OKLAHOMA CITY -- Shopping at pawn shops can be great for bargain hunters, or an option for people needing some extra cash.
Terry Bannister and his friend Allen are bargain shoppers. It's what brought them to Cash America Pawn back in May and it's where they spotted a GPS for sale.
"I saw it there for $80 and thought, well that's a really good deal," Bannister said. "I've been wanting one for a long time anyway."
He bought it fair and square, and has the receipt to prove it, but when times got tough a few months later Bannister turned to First Cash Pawn Shop.
"Gas prices and everything else went up and I needed some money, so I pawned it and didn't think nothing of it," Bannister said.
That was until recently when Terry tried to get a job and found out he has a felony warrant for his arrest, issued this September. The alleged crime was making a false declaration of ownership to a pawn broker.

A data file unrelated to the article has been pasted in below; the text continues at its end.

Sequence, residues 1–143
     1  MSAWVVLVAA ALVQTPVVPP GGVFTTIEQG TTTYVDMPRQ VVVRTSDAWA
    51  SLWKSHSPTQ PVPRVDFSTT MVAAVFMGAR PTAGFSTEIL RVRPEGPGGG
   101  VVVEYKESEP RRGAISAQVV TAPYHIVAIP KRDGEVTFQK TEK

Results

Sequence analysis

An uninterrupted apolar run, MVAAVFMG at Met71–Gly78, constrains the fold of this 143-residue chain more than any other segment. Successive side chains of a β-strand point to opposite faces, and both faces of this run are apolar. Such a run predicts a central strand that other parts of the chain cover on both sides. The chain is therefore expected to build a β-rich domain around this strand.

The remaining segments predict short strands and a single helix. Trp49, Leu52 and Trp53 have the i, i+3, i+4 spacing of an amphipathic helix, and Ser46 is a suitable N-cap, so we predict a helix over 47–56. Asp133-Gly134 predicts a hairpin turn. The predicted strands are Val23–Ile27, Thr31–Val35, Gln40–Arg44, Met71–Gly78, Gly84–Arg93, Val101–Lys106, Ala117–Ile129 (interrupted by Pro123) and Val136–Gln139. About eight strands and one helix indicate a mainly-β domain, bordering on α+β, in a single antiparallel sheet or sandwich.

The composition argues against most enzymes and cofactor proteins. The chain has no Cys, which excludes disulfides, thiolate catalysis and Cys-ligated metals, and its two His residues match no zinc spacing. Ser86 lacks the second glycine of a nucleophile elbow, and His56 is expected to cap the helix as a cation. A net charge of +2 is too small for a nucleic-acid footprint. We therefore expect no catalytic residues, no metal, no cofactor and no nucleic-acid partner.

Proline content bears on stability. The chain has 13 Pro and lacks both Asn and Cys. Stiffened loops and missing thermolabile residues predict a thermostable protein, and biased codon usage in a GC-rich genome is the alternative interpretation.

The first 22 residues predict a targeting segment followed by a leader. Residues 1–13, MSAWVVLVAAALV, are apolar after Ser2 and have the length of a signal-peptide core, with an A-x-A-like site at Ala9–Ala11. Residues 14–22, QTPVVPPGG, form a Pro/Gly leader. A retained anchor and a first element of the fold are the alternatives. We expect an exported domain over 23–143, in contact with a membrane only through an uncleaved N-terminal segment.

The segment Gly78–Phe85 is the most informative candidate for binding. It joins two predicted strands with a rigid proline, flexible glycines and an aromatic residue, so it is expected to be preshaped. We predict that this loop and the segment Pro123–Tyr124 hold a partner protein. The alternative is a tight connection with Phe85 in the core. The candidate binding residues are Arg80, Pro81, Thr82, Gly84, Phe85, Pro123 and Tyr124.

That law is one that Don Kirk, of Kirk's Pawn, helped write.
A form is used in all pawn shops. It documents age, driver's license and serial number of an item being pawned or sold, and a copy is sent to police to compare against stolen items. If an item comes up positive, it's confiscated, and a warrant is issued for whoever signed the form.
Kirk believes Bannister was able to buy the GPS in the first place because the original owner filed a delayed police report.
"If they wait four, five or six days and this report's already gone through the police department they've already checked it and it's not on stolen report, it doesn't go back through the police department again," Kirk said.
Which means when Bannister went to pawn the GPS, it then showed up as stolen.
"I think it's kinda messed up that it's pretty much possession, you're at fault if it's possession," Bannister said. "My biggest concern is this doesn't happen to anyone else this."
Experts say, Bannister's situation does not happen a lot and he did the right thing by keeping his receipts.
The District Attorney says, with that proof, the charge can be dismissed.
There's still a question of why it took so long for a warrant to be filed.
Oklahoma City Police were not available for comment Friday.